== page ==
At least Iran admit to being our enemy the Paks two time us which is worse ie Betrayal!

Posted by Ben at January 26, 2011 5:02 PM ET:

I served in Ghazni Province, embedded with the ANA a couple years ago. Hell we had paks and chechens and the whole lot there blowing us up left and right. Any mission into Andar was white knuckle....

Posted by Caratacus10ad at January 26, 2011 6:14 PM ET:

Surely it would be far cheaper (?) for the US to cut all Pak civil and military aid and divert the 'aid' money into both Iraq and Afghanistans military and civil infrastructures...

A far better way of spending the bucks!

If Pak wants to slip into the stoneage, well throw them some flint!! Its upto them to fight for Democracy or not now...

Posted by Charu at January 27, 2011 1:21 AM ET:

@Ben, thank you for your service. Glad that you made it out of that treacherous back-stabbing zone. The Chechens are playing with fire. A US anvil and a Russian hammer would obliterate them. And an Indian anvil and US hammer would take care of the country once known as Pakistan. The patience of the world is wearing thin.

Posted by Graham at January 27, 2011 2:45 AM ET:

1) What is the "smoking gun" that proves Chechen presence in Afghanistan? I know some sources have expressed doubts as to whether they exist there at all.

2) This is Ghazni, so how is the Polish army doing here? Helpful?

Posted by Jimmy at January 27, 2011 3:14 AM ET:

Notice how the Afghan provinces bordering Pakistan are at extremely high security risk? Thanks Bill, this is an amazing picture - demonstrates the two timing nature of Pakistan.

Guys remember, just cutting off aid to Pakistan will not achieve anything. Pakistan will still survive on China's and Saudi aid and will at the same time block NATO supplies into Afghanistan. Therefore, this approach is not a long-term solution. Plus, everytime they choke our supplies, we have to back down...making us look stupid and helpless in the eyes of the world.

What we need to do is play a double game! Continue aid only to authorized educational and relief institutions. Aid in the form of supplies and food, not money, not weapons. Perhaps some money to bribe the low-down politicians is OK. At the same time work feverishly to dismember the country from within. Send spies, whip up propoganda, help ethnic freedom movements, especially Balochs, Sindhis who are pro-west. Help India diplomatically in Kashmir and bug their communication networks and nuclear sites through the internet.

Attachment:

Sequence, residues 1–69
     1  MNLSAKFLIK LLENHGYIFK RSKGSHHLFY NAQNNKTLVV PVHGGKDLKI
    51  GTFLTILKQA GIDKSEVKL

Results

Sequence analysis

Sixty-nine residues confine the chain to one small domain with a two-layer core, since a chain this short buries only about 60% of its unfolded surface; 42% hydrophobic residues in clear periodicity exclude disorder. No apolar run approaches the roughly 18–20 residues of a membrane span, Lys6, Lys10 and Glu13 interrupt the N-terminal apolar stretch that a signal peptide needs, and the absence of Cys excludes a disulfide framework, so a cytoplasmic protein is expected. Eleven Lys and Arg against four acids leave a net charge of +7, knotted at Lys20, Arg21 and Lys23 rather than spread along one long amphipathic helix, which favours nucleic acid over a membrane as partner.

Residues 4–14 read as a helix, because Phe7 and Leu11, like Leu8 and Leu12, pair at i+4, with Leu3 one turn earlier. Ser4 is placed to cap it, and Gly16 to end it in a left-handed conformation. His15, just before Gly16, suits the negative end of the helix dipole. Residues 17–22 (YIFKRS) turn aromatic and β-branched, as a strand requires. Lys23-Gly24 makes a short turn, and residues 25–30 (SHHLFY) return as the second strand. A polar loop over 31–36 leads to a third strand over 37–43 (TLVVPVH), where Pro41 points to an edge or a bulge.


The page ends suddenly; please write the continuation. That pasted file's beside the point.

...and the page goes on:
Lets hit them with their own weapon - BETRAYAL!

Posted by tony at January 27, 2011 11:20 AM ET:

why we keep dealing with the paks. they are the most violent people. they have no regard for life and are the most sorry of muslims.

Posted by Exactly at January 27, 2011 11:47 AM ET:

It is very clear the ISI with their puppet General Galani has no interest in seeing Afghanistan prosper. In fact, they are doing everything they can to defeat democracy.

Secretary Gates would have to be a fool not to realize this, as he continues to praise the accomplishments they claim to have made which are riddled with Lies.

Anyone with common sense would have to know the ISI is protecting Bin Laden and his henchmen.

The amount of money going into Pakistan should be redirected toward many more Drones.

The old double-game of attacking one sector (but, "Oh we don't have enough troops to clear these other sectors") is nothing but Bull.

Even secretary of state Clinton told them they're full of "S"

I say, cut off all money to Pakistan and use a Berlin style Airlift to supply are troops.

Posted by ?oural at January 27, 2011 12:37 PM ET:

Graham,
Is it 24 polish KIA enough?
http://www.isaf.wp.mil.pl/en/index.html

Posted by indus at January 27, 2011 2:05 PM ET:

Pak considers Afghanistan to be its strategic depth, a client state if you will. There are Afghans in the north (Northern Alliance) who understand this. The Pakhtoons (Pashtuns) in the south on the other hand buy into the Pakistani story line that they are an ally (bretheren, if you will). Any progress in Afghanistan therefore depends upon driving a wedge between Pakistanis and Pakhtoons.

The simplest way to do this is by breaking Afghanistan into two. Northern part, comprised of Hazaras, Tajiks, etc. to be ruled by northern alliance. And Southern part, lets call it Pakhtoonistan, ruled by Pakhtoons. How does this help drive a wedge between Pakhtoons and Pakistanis? It does because there are a whole lot of Pakhtoons in Pakistan's frontier areas and Baluchistan, who would naturally want to be part of Pakhtoonistan diminishing Pakistani territory. These guys never recognized the Durand line separating Afghanistan from Pakistan in the first place.

Pakistan would thus end up fighting Pakhtoons rather than fomenting trouble for us. Plus, it would have to support this impoverished state to maintain its strategic depth, for which it has no resources. Baluchis in the south of Pakhtoonistan would also want to secede for they want control over their huge natural resources.